MYTHPLA offers the tiniest of dwellings, but they come with solar panels for power as well as portable camping toilets.
Tiny house villages like this one created in Newfield, New York, by Second Wind Cottages are becoming more popular thanks to the idea known as “Housing First,” which works on the idea that homeless people need a home before all else, and once they have a place to lay their head, they can start to rebuild other areas of their life.
Without a home, and thus without an address, it can be near impossible to apply for a job. Having a house with an address makes the prospect of getting a job a little easier, and provides a sense of stability, especially for homeless families.
At Second Wind, as with many of the other tiny house villages, the construction is completed by volunteers from local schools, churches, and other organizations.
These villages also show what happens when communities come together for the greater good: they make real change, improve lives, and inspire others to get out and make a difference, too.
Infinity Fellowship is an interfaith community in Nashville, Tennessee, and, with help from donations, has already built six of these micro shelters, and is planning to build more.
The tiny house villages also seek to bring people together. Besides not having a literal home, many homeless people feel isolated and disconnected from their communities.
Mobile Loaves & Fishes is tackling both housing and connection in Austin, Texas, by creating a planned community that not only has a variety of houses, but also offers places of worship, medical care, community gardens, and even an outdoor movie theater.
Not only do the villages bring homeless people together in a community, but they also introduce them to the rest of the community.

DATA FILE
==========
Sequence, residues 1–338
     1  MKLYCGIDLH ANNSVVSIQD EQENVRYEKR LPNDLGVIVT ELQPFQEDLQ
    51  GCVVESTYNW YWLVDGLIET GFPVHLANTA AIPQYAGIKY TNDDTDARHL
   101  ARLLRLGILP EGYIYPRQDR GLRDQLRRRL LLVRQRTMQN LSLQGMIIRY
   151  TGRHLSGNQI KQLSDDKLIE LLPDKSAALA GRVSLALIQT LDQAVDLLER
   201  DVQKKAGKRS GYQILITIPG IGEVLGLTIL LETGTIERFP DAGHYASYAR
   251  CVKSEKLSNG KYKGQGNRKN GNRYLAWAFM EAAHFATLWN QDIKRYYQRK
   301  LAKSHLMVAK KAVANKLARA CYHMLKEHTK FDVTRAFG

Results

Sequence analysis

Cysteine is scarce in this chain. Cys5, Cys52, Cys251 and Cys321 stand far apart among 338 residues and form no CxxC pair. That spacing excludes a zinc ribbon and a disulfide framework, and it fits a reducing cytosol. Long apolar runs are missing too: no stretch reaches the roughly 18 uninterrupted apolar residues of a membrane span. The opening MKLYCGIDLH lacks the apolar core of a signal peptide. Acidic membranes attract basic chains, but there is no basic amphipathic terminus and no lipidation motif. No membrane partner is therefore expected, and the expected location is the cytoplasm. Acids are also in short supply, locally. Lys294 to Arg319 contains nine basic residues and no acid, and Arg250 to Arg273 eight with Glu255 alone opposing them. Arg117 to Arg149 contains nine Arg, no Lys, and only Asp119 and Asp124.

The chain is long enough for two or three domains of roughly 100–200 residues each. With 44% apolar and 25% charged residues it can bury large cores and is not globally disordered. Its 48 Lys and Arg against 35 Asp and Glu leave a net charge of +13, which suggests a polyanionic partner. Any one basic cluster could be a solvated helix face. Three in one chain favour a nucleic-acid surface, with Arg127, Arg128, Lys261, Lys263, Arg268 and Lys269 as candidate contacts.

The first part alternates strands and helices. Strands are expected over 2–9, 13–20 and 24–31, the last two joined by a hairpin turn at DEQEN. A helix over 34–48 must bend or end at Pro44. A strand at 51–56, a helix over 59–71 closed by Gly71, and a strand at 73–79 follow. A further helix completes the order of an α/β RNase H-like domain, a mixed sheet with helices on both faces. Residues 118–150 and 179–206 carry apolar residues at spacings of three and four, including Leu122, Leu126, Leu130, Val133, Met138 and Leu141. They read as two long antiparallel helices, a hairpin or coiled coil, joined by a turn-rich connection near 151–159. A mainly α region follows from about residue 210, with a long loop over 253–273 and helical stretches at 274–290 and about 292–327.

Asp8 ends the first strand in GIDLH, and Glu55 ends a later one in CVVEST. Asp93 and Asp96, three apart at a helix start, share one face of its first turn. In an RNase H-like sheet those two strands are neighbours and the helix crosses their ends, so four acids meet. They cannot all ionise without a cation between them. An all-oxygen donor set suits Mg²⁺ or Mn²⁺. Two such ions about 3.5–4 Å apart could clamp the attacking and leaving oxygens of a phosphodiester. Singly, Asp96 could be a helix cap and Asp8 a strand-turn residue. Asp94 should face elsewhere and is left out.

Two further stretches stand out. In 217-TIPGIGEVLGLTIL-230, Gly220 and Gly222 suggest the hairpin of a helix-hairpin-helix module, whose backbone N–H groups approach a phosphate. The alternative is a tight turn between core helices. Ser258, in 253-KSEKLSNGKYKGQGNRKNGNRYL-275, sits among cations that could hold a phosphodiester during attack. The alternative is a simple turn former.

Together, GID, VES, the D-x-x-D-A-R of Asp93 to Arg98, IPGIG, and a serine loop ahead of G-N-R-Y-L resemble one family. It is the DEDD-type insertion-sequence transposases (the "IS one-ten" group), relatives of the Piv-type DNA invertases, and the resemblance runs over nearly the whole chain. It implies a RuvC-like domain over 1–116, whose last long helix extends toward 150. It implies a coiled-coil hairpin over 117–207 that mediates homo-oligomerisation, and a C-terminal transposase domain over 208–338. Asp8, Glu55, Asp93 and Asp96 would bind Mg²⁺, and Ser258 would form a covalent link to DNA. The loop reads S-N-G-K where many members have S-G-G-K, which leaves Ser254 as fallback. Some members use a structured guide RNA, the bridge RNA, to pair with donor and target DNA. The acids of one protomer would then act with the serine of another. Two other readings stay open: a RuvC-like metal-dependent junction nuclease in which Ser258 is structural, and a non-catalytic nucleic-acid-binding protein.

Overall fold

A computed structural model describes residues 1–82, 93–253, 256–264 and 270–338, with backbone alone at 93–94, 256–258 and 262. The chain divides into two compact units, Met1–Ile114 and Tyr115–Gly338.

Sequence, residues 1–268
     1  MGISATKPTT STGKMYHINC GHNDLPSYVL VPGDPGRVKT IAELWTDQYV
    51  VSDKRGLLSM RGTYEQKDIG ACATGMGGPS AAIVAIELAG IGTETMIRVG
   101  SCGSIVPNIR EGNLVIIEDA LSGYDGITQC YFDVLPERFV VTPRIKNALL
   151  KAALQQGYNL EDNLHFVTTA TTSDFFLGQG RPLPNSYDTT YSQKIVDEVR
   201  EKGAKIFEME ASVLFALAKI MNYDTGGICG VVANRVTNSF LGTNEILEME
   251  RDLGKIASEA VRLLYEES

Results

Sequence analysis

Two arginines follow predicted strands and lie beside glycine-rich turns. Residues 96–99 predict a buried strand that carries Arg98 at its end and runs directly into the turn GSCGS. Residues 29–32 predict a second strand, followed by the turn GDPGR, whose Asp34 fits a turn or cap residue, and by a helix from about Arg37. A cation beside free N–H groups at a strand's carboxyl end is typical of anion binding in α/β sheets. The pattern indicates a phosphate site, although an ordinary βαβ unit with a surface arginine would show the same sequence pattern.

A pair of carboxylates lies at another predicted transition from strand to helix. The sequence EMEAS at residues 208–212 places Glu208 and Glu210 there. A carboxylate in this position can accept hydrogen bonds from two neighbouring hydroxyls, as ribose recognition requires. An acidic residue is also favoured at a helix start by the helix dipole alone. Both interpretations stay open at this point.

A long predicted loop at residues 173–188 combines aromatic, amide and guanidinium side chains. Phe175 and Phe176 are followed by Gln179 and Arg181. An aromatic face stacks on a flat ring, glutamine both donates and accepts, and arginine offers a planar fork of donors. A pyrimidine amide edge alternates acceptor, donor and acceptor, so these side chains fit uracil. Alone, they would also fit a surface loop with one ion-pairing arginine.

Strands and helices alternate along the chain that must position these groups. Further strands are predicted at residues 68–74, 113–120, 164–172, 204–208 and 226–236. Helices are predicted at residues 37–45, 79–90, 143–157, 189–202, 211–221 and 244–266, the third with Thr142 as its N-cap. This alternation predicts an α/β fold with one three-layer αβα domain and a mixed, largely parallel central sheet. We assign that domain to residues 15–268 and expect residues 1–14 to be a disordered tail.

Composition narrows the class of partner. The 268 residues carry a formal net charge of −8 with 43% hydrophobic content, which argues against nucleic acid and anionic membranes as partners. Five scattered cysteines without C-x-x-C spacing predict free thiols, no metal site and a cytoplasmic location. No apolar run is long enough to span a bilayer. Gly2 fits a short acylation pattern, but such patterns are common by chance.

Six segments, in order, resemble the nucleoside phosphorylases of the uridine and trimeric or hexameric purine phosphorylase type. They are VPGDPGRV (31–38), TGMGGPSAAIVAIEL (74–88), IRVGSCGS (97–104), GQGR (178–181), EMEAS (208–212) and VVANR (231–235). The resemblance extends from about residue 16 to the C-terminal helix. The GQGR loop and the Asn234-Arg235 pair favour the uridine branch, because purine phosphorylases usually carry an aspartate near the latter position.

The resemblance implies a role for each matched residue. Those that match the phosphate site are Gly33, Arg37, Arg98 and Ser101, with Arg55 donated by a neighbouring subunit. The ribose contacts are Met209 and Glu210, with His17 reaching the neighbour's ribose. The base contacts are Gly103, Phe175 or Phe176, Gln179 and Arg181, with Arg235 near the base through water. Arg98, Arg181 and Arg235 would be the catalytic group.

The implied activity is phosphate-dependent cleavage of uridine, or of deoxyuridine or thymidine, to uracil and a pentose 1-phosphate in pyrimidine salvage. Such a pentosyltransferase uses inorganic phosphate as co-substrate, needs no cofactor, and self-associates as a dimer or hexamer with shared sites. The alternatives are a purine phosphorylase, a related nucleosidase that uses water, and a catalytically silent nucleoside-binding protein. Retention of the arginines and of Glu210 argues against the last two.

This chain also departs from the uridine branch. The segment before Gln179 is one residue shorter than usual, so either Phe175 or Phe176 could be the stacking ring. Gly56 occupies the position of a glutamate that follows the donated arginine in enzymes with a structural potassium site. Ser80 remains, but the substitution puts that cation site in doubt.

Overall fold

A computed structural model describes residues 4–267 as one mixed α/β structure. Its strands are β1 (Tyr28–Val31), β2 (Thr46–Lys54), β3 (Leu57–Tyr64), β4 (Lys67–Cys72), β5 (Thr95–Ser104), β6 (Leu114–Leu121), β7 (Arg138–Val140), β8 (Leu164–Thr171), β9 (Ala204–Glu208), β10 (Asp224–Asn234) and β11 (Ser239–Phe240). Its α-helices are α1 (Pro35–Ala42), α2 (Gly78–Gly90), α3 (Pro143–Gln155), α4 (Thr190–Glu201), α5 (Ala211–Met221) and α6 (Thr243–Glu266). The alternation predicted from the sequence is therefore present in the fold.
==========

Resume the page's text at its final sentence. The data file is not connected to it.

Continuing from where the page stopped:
Many times, homeless people are ignored and even avoided, but working with them, the rest of the community can come to know them as real, valuable people.
Othello Village in Seattle, which was created in collaboration with the Low Income Housing Institute, is a city-sanctioned homeless encampment that provides water, garbage services, and counseling to the residents.
It also shows the people here, who have likely had rough and depressing events in their lives, that they are still cared for and valued.
Humans need physical shelter, but we also need the shelter of other people, the emotional and personal connections and the relationships we form with them. It’s what makes us human.
These villages allow isolated and cut-off people to experience both kinds of shelter, and bring people together to create even more good.
Because after all, there’s no place like home.
You can learn more about these organizations and projects by clicking the links found throughout this article or under the photos. If you’d like to get involved, many accept donations, and if you’re really inspired, see what your community is doing to help its vulnerable populations.
And as always,SHARE these tiny villages to spread the idea and maybe even help more people!
Read more: http://www.littlethings.com/tiny-houses-helping-the-homeless/